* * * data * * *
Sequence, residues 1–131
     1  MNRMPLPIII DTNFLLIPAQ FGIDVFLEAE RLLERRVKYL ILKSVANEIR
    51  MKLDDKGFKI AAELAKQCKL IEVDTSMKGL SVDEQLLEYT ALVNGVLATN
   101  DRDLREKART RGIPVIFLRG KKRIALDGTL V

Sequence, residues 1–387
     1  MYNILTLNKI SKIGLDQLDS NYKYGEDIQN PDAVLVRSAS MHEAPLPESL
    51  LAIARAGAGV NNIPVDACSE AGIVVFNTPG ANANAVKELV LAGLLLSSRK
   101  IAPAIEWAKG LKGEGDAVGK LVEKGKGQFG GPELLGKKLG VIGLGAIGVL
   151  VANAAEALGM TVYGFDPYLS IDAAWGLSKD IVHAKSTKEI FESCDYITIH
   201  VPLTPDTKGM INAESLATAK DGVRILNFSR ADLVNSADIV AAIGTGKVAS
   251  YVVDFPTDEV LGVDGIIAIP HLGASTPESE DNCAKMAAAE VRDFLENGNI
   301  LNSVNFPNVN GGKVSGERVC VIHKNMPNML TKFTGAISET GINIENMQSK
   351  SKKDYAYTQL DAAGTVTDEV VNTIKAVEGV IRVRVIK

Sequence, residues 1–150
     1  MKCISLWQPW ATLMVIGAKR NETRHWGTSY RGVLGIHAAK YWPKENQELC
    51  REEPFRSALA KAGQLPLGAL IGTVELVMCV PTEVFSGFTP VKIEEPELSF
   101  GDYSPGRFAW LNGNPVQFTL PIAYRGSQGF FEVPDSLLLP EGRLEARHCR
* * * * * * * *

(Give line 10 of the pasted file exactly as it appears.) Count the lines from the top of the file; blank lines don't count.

   201  VPLTPDTKGM INAESLATAK DGVRILNFSR ADLVNSADIV AAIGTGKVAS